Tips for writers: Go away, Internet


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Earlier today I wondered if Philip Roth would have been so prolific if he’d come of age nowadays, with the electronic distractions of Twitter and blogging and Facebook and what-all. Turns out two writers that I enjoy keeping up with on the Web have decided to restrict their online activities so they can get more work done.

Novelist and writing professor Tayari Jones, who I follow on Twitter, regularly tweets about the progress she’s making on her new book, in addition to the kind of personal items that are suited to text-messaging (dinner engagements, exciting events). Today she dropped the news that a colleague ‘made me face the awful truth. tweetdeck is not compatible w/my goal to finish my novel.’ Bad news for her online friends. But apparently good news for her novel.


Author and editor Jeff Vandermeer explains the drastic measures he’s taken (via Shaken & Stirred) to keep himself from being distracted by the big wide Internet that hides behind his computer screen:

Okay, I’ll admit it: work on my new novel, Finch, is going well because every morning my long-suffering yet often amused wife Ann hides the router box and my cellphone. I get up around 7 a.m., I have my breakfast and watch something innocuous like BBC News or Frasier for about half an hour, and then get down to work. Around noon I take a break to get some lunch, then go back to it, usually at that point editing or organizing notes. Around 2:30 I call Ann on our landline and she tells me where the router box and the cellphone are (it has Internet access on it) so I can finish up the afternoon with necessary emails and other work, before going to the gym.

Vandermeer doesn’t trust himself to stay away from the Internet: his wife literally hides the machines that will let him online. Like Jones, he has, in part, banished himself from the electronic habits (or proclivities, or addictions) that get in the way of novel-writing.

It is important to point out here that both Vandermeer and Jones are accomplished writers, with lively online presences in addition to their novels. But maintaining the skills to do both present a unique challenge to novelists, and Vandermeer’s thoughts on the topic are so interesting that they’re excerpted further after the jump.

The Internet in its many forms is, for me, a harmful and insidious enemy of novel creation. A novel takes a great deal of uninterrupted thought, not to mention uninterrupted writing. A novel in gestation does not brook interference of this kind. This isn’t just a matter of procrastination or time-wasting. It directly affects quality and depth in my opinion. The sustained effort required by a novel should not include multi-tasking on other things, if you have the option. Ten years ago this is not something I, or anyone else, would have had to worry about. In fact, I remember writing parts of one novel in an apartment that didn’t even have electricity. Or, heck, any furniture to speak of. I got up around dawn, went to my day job, and then came back and wrote until it got dark. Sometimes I’d go to a coffee shop so I could write longer. The point is, some forms of modern technology are, in a certain context, dangerous. Sometimes in workshops, Ann and I will force students to write longhand just to cut them off from their laptops and all the stuff that comes flying up onto the screen.... What I want to convey, if I can, is not so much that novel writing is a mystical creative experience, but that it requires my full concentration -– more so than anything else I do. In fact, nothing I do or will ever do requires even half the intensity.... The writer me is monosyllabic, doesn’t care if his beard grows down to his ankles, scribbles notes on little bits of paper, takes long walks in the woods mumbling to himself, maps out character positions in rooms and notes where the light is coming from, doesn’t answer the phone, and isn’t fond of talking to people. The other me is, in general, chatty, sociable, likes talking to people and putting people in contact with one another, and uses the Internet to make friends, advance projects, and communicate a love of books. And, yes, this other me also sometime gets involved in flame wars, arguments, can be caustic and sarcastic and moody. But always: engaged.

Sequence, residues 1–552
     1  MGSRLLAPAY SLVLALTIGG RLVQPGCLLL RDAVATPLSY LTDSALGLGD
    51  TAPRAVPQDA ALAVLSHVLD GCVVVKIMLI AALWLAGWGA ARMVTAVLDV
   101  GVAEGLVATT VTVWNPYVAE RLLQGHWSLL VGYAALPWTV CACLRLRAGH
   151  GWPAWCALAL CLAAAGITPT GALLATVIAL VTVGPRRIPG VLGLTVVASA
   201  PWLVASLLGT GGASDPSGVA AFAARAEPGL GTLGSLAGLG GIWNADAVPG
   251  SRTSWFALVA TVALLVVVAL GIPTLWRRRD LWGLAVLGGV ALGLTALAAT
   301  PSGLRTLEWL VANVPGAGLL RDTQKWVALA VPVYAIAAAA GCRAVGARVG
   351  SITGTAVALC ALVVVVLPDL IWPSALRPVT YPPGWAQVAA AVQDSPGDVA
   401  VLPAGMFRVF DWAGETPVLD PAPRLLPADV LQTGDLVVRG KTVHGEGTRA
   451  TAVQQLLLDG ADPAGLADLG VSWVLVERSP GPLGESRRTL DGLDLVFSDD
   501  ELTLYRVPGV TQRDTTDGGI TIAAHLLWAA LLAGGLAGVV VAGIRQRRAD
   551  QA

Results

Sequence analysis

What if typewriters had also been telephones? What if you could press the top of your legal pad and have today’s newspaper pop out? What if your fountain pen broadcast your favorite talk radio station? Today, when the tool of novel-writing is also the primary tool for all kinds of communication, it seems like a miracle that anybody ever gets anything (longer than a blog post) written.


-- Carolyn Kellogg

Photo by thelastminute via Flickr.